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Parental Sex Selection and Gender Balance

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  • Bhaskar, Venkataraman

Abstract

We consider a society where parents prefer boys to girls, but also value grandchildren. Parental sex selection results in a biased sex ratio that is socially inefficient, due to a congestion externality in the marriage market. Improvements in selection techniques aggravate the inefficiency. These results are robust to allowing prices in the marriage market, if the market is subject to frictions. We extend the model to consider gender preferences which depend upon family composition, allowing us to examine the possible sex ratio effects of China's one-child policy, and the implications of choice in societies where family balancing considerations are paramount.

Suggested Citation

  • Bhaskar, Venkataraman, 2008. "Parental Sex Selection and Gender Balance," CEPR Discussion Papers 6876, C.E.P.R. Discussion Papers.
  • Handle: RePEc:cpr:ceprdp:6876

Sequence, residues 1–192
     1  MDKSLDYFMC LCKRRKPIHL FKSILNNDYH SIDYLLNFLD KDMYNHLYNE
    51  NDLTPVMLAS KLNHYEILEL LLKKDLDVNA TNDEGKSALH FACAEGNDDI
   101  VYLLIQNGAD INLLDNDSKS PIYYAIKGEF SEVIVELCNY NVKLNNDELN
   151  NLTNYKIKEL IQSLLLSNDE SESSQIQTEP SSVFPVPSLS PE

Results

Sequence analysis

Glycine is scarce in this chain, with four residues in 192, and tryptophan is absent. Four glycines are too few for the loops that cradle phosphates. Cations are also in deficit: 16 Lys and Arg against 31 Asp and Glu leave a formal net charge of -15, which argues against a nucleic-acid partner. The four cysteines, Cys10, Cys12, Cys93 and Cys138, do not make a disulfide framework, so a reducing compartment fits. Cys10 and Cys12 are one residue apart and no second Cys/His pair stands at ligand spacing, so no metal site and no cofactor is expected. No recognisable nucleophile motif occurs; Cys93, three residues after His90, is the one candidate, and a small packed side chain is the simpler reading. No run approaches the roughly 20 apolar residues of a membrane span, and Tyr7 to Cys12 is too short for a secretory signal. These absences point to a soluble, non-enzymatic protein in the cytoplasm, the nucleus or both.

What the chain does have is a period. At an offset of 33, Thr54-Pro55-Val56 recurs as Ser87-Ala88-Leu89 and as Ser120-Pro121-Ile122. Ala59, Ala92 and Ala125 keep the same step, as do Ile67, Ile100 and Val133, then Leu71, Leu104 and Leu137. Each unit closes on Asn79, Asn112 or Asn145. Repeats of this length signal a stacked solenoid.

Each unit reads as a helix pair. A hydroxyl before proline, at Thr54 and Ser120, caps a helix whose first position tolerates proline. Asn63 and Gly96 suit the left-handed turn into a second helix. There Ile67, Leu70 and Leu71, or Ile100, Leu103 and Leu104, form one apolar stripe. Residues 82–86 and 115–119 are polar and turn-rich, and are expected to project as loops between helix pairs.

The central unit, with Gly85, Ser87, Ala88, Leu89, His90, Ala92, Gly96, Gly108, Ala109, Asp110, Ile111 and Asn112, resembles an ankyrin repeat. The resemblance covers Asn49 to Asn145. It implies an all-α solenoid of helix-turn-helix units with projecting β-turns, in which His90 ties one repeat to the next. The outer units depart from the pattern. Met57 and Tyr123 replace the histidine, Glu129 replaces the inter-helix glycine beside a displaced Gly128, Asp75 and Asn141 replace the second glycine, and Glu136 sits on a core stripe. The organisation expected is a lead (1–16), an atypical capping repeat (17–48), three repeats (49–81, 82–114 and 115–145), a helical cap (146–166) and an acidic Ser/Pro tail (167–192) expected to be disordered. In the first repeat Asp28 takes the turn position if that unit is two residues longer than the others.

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    References listed on IDEAS

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    5. Angrist, Joshua D & Evans, William N, 1998. "Children and Their Parents' Labor Supply: Evidence from Exogenous Variation in Family Size," American Economic Review, American Economic Association, vol. 88(3), pages 450-477, June.
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    More about this item

    Keywords

    congestion externality; gender bias; marriage market; sex ratio; sex selection;

    JEL classification:

    • J12 - Labor and Demographic Economics - - Demographic Economics - - - Marriage; Marital Dissolution; Family Structure
    • J13 - Labor and Demographic Economics - - Demographic Economics - - - Fertility; Family Planning; Child Care; Children; Youth
    • J16 - Labor and Demographic Economics - - Demographic Economics - - - Economics of Gender; Non-labor Discrimination

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